"The membership of Turkey, in the best of cases, will not happen for 15 years," he told LCI television on Sunday.

 

"A decision as important as the membership of Turkey in Europe could only be taken after there had been a referendum in France."

 

Sarkozy's announcement comes after Turkey on Sunday cleared a hurdle on its path towards EU membership when its parliament approved a new penal code which will boost women's rights and punish police more severely for torture.

 

The 550-seat assembly held an extraordinary session to debate and pass the reforms after the European Commission made clear they were a condition for granting Ankara a green light to start entry negotiations.

 

Show of hands

 

"Now, a date for negotiations will be given [by the EU]. This is my view," Turkish government spokesman Cemil Cicek, who is also justice minister, told parliament.

 

"The speed of our drive to full membership depends on our efforts. No article in this new code can be used to limit rights and freedoms," he said.

 

"Now, a date for negotiations will be
given [by the EU]"

Cemil Cicek,
Turkish justice minister

The vote, by a show of hands, comes just 10 days before the European Commission publishes a detailed report on Turkey, which will include a recommendation on whether Ankara is ready to start the long-delayed talks.

 

EU leaders will decide in December, based on the report, whether to open the talks, which are expected to last up to a decade.

 

"The law complies with EU legislation ... We have taken a big step towards the EU," Koksal Toptan, head of parliament's justice committee, said after the vote.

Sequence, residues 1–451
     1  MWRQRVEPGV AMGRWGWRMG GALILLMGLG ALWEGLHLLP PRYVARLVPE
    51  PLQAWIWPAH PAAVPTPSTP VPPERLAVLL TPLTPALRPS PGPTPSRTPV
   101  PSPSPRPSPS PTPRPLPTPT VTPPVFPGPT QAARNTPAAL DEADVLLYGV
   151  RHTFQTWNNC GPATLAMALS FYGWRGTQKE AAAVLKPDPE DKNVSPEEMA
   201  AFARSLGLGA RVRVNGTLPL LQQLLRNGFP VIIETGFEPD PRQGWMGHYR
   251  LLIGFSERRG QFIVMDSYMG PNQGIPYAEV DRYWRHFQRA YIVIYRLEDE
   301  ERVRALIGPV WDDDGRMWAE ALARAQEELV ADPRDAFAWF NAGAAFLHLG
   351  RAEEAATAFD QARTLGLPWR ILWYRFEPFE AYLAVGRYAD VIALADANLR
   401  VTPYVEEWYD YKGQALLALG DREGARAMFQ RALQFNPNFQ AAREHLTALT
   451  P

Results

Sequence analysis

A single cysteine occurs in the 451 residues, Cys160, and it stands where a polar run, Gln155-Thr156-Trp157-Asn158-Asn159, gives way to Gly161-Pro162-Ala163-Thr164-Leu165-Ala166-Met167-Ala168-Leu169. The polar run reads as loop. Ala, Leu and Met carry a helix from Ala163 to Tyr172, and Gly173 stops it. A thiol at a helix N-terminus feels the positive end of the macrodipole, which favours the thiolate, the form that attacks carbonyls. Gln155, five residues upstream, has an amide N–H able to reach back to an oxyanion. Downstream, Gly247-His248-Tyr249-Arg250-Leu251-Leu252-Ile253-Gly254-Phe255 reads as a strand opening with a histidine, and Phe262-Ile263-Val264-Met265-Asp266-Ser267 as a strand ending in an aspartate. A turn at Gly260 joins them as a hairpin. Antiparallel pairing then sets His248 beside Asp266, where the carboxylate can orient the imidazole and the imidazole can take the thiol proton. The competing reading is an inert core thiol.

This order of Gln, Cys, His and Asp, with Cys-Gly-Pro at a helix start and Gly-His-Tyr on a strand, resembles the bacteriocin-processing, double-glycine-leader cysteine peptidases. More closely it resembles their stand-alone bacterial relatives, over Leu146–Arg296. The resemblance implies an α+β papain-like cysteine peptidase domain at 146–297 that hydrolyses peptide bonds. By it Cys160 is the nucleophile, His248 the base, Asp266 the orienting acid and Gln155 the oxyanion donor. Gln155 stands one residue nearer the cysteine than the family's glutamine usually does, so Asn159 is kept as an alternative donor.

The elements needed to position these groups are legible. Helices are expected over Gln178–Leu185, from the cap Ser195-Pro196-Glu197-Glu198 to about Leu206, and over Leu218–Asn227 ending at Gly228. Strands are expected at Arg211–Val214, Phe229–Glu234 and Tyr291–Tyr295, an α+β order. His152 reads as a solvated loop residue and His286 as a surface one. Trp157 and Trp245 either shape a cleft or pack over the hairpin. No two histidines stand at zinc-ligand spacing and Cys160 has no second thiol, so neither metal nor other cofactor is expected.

Bill abandoned

 

Parliament had already approved much of the new penal code earlier this month, but the government then decided to shelve it due to a row over separate plans to outlaw adultery, triggering dismay in the EU and near-panic in Turkish financial markets.

 

Erdogan (L) has struck an upbeat
note about Turkey's EU prospects

Prime Minister Tayyip Erdogan, a pious Muslim, only abandoned the planned adultery ban after crisis talks last Thursday in Brussels. EU officials had said the ban would be "un-European" and very difficult to implement.

 

Erdogan's ruling Justice and Development party (AKP), a conservative grouping with Islamist roots, has a big majority in parliament. Much of the main centre-left Republican People's party also voted for the new penal code on Sunday.

 

In a regular television address broadcast on Saturday night, Erdogan struck an upbeat note about Turkey's EU prospects, saying: "A long and difficult road is opening up before Turkey but it is a road we will walk with enthusiasm."

 

Partial membership

 

In Austria, one of the most sceptical EU states on Turkey, Chancellor Wolfgang Schuessel backed the start of accession talks, but suggested Ankara be considered for something short of full membership.

 

"The EU Commission should now give the green light for negotiations. But a greater range of options must also be made available as far as the outcome is concerned," Austria's Kleine Zeitung quoted Schuessel as saying.

 

"At the moment there is only the option: full membership or nothing. I think that is too simple. If that [creating more options] is possible, I can be happy with negotiations starting," he said.